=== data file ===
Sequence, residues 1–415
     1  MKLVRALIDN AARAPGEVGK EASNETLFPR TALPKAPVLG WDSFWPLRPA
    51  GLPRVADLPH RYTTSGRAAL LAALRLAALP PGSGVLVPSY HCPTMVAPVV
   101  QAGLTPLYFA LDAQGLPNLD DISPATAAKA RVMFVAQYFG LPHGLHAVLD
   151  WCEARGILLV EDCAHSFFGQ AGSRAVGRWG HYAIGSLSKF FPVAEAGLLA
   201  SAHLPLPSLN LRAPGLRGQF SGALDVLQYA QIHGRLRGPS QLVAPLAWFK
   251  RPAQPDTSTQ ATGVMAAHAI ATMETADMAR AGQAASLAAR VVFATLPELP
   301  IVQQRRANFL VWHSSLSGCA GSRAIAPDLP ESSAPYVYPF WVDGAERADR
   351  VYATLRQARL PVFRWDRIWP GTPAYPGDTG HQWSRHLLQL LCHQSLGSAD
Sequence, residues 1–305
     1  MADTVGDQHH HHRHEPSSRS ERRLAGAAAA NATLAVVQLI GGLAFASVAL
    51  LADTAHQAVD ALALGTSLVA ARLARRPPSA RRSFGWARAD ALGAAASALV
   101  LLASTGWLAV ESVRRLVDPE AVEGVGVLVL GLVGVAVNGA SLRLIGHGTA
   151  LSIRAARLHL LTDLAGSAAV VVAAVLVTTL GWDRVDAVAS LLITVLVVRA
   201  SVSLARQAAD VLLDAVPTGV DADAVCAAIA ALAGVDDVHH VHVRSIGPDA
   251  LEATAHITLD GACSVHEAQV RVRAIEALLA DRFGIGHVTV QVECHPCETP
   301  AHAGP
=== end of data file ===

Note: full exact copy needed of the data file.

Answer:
Sequence, residues 1–415
     1  MKLVRALIDN AARAPGEVGK EASNETLFPR TALPKAPVLG WDSFWPLRPA
    51  GLPRVADLPH RYTTSGRAAL LAALRLAALP PGSGVLVPSY HCPTMVAPVV
   101  QAGLTPLYFA LDAQGLPNLD DISPATAAKA RVMFVAQYFG LPHGLHAVLD
   151  WCEARGILLV EDCAHSFFGQ AGSRAVGRWG HYAIGSLSKF FPVAEAGLLA
   201  SAHLPLPSLN LRAPGLRGQF SGALDVLQYA QIHGRLRGPS QLVAPLAWFK
   251  RPAQPDTSTQ ATGVMAAHAI ATMETADMAR AGQAASLAAR VVFATLPELP
   301  IVQQRRANFL VWHSSLSGCA GSRAIAPDLP ESSAPYVYPF WVDGAERADR
   351  VYATLRQARL PVFRWDRIWP GTPAYPGDTG HQWSRHLLQL LCHQSLGSAD
Sequence, residues 1–305
     1  MADTVGDQHH HHRHEPSSRS ERRLAGAAAA NATLAVVQLI GGLAFASVAL
    51  LADTAHQAVD ALALGTSLVA ARLARRPPSA RRSFGWARAD ALGAAASALV
   101  LLASTGWLAV ESVRRLVDPE AVEGVGVLVL GLVGVAVNGA SLRLIGHGTA
   151  LSIRAARLHL LTDLAGSAAV VVAAVLVTTL GWDRVDAVAS LLITVLVVRA
   201  SVSLARQAAD VLLDAVPTGV DADAVCAAIA ALAGVDDVHH VHVRSIGPDA
   251  LEATAHITLD GACSVHEAQV RVRAIEALLA DRFGIGHVTV QVECHPCETP
   301  AHAGP